The Dr. endeavored to impress on his hearers the great danger there was of being overrun by the Americans, -and the security we would have though Confederation.

The grounds of his arguments for apprehending hostilities by the Americans, were: the Repeal of the Reciprocity Treaty, -the termination of the Lake Treaty, -the Passport System, and the temper of the press of the States; all these went to show that the disposition of our neighbors was to close up all avenues of communication. -The speaker did not, in the slightest degree, refer to any of the causes which have produced unkind feelings, although he was perfectly well aware of them.

We believe, if as much time and attention had been given to the cultivation of friendly feelings and the extension of our commercial relations with the United States, as has been devoted to their annoyance, by acts and language, our position today would be much more agreeable.

At the close of his speech there was a slight expression of applause in one of the galleries, -on which, Mr. Miller remarked – if such conduct as repeated he should use his privilege of clearing the galleries. The noise made scarcely warranted the threat.

Mr. LeVesconte said he merely rose to correct one part of the Prov. Sec’s speech. In his county he did not believe there could be found 25 persons in favor of Confederation.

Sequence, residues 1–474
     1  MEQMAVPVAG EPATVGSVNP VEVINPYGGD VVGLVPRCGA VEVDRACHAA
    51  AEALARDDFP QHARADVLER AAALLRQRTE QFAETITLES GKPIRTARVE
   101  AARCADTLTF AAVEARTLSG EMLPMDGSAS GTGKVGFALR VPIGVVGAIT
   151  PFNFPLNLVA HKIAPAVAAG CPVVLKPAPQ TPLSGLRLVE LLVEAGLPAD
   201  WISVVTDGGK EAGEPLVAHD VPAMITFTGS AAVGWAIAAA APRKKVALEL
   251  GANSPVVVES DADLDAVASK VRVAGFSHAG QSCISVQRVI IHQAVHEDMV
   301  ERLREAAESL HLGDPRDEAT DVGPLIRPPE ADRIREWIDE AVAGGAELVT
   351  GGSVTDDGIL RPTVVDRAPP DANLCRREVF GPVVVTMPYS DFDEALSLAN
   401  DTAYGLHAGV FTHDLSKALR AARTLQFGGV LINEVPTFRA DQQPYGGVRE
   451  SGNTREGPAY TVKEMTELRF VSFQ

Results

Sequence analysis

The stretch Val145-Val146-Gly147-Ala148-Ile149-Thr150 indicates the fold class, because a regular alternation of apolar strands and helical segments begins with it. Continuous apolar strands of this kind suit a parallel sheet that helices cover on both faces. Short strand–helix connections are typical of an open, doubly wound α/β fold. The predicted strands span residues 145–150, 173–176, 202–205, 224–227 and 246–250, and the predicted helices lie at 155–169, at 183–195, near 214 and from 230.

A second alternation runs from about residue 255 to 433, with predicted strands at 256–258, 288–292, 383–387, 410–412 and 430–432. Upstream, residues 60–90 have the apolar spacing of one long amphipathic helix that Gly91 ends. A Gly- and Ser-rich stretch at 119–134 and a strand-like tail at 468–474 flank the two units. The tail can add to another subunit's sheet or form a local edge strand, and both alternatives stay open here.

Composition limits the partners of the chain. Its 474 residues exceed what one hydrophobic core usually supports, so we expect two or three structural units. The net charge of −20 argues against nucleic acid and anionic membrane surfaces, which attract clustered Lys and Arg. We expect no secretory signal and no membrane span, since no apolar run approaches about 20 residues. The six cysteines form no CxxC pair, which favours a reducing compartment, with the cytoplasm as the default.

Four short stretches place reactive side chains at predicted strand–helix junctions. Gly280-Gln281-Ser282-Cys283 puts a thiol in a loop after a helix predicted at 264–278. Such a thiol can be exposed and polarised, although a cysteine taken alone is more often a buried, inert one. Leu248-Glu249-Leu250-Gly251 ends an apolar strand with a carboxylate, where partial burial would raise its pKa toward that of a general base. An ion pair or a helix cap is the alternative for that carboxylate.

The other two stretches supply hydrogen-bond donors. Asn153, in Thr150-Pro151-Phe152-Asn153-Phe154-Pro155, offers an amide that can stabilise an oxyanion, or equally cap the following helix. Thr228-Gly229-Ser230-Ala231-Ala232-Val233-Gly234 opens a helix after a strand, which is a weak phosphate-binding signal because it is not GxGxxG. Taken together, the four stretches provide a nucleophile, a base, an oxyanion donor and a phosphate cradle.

Mr. Locke spoke somewhat similar in reference to Shelburne.

Mr. Bourinot said he could readily understand applause from the people of Halifax, as they only were to be benefitted by the Union. But he would tell the hon. Prov. Sec. that so great a change in the constitution of the country would never be permitted without an appeal to the people.

The Prov. Sec. admitted that Richmond was an exception, that County had declared against Union; yet he was correct that there was not 3000 of petitioners who had stated their views.

Mr. Killam asked the Pro. Sec. if he was so confident of the feelings of the people, why it was that he was so afraid to go to the country?

After one or two other observations the debate was adjourned.

Halifax Morning Sun, April 12, 1865. Page 3 Column 4.

The Confederation Fenians

[From L’Union Nationale, Montreal, May 25th.]

Nous tenons de source absolument certaine que les journaux du government ne font courir des bruits de saise d’armes feniennes e d’attaques dans les provinces maritimes, que pour avoir l’occasion de tenir en eches les patriotes qui veulent lutter constitutionellement contre le projet de confederation. Il n’y a rien a craindre des fenians pour ce qui regarde le Canada, nouse pouvons en donner l’assurance positive.



We have it from an absolutely certain source that the Government Journals (of Canada) set rumors afloat of the seizure of Fenian arms, and attacks, in the Maritime Provinces, only to get a chance of checking the Patriots there who are struggling constitutionally against Confederation. We can give the most positive assurance that as regards Canada there is nothing to fear from the Fenians.

Halifax Citizen, June 2, 1866. Page 4 Column 2.

Halifax Citizen, Feb 3, 1866